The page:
These aid packages are costly and will undoubtedly add to the high debt burdens that governments around the world are already wrestling with. But, that’s a problem for another day and something we will discuss in the future once this crisis subsides. For now, we believe the ongoing responses from governments globally are a key reason why investors appear to be looking past the pandemic and current economic malaise with a sense of hope and optimism towards the future.
North America politics
As political noise is just getting started south of the border, I would be remiss if I did not briefly touch on the political commotion on both sides. In the US, things are set to swell over the coming weeks as the first of many rallies is scheduled to occur this weekend with the Republican Party kicking things off in Tulsa, Oklahoma.
Meanwhile, Trudeau must now decide where to focus his foreign policy agenda after this week’s humiliating announcement. After 5 years of campaigning and countless trips all over the world, Canada suffered a crushing blow on the world stage as Trudeau failed to secure a seat on the United Nations Security Council. Obtaining a UN seat was a main priority for the Trudeau Government and the loss places Canada in an interesting predicament. John Stackhouse, RBC Senior Vice-President, Office of the CEO, addressed how finishing behind Norway and Ireland – both non G7 and G20 members – send Trudeau quite the message. “He (Trudeau) knows the U.S. is much less of a reliable ally, China is increasingly hostile, and judging by the UN vote, Europe sees Canada as a convenience.” John further highlighted that as we as a country may need to take a hard look in the mirror. “We’re the foreign aid pioneer that now spends a fraction what Norway does on global poverty. We’re the creator of peacekeeping that now sends fewer troops on UN missions than Ireland. We’re the climate action cheerleader that isn’t even close to our Paris commitments. On those counts, perhaps other countries are just echoing the view many voters tried to send to Trudeau last fall: the world doesn’t need more Canadian talk, it wants more Canadian action.”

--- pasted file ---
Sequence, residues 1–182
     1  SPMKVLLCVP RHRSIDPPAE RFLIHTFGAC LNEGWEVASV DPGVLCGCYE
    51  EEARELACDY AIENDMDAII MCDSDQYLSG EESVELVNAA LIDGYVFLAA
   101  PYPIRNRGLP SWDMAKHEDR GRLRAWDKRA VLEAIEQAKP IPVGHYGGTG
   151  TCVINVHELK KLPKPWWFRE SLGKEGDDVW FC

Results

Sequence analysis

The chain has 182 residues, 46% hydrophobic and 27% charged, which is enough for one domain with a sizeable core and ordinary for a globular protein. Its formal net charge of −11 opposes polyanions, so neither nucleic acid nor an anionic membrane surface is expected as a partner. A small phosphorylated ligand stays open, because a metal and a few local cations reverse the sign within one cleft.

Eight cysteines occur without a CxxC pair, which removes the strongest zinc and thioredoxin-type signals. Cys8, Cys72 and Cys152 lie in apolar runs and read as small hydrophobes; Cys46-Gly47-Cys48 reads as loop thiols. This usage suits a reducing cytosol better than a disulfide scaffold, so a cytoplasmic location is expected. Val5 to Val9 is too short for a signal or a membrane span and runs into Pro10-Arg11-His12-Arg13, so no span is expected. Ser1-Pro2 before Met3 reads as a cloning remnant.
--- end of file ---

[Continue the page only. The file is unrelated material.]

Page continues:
A Rosé ending
As we move into summer salads, barbequed chicken and cedar plank salmon, rosé has risen in popularity for that perfect wine pairing. While sometimes confused as a blend of red and white wines, rosé is actually the result of a winemaker allowing the skins of red grapes to come in contact with the juice and macerate for a period of time. This process, known as the maceration method, is typically the most common method used in the making of rosé wine. When it comes to selecting a bottle this summer, I would highly recommend a rosé from Provence, Bandol, or Languedoc-Roussillon. France, already world famous for their wines, places just as much emphasis and importance on rosé as their reds and whites. For about $25, one can find a great bottle and the perfect complement to any time spent on a patio.
Lastly, to all of our Dads out there, Happy Father’s Day!
Have a great weekend,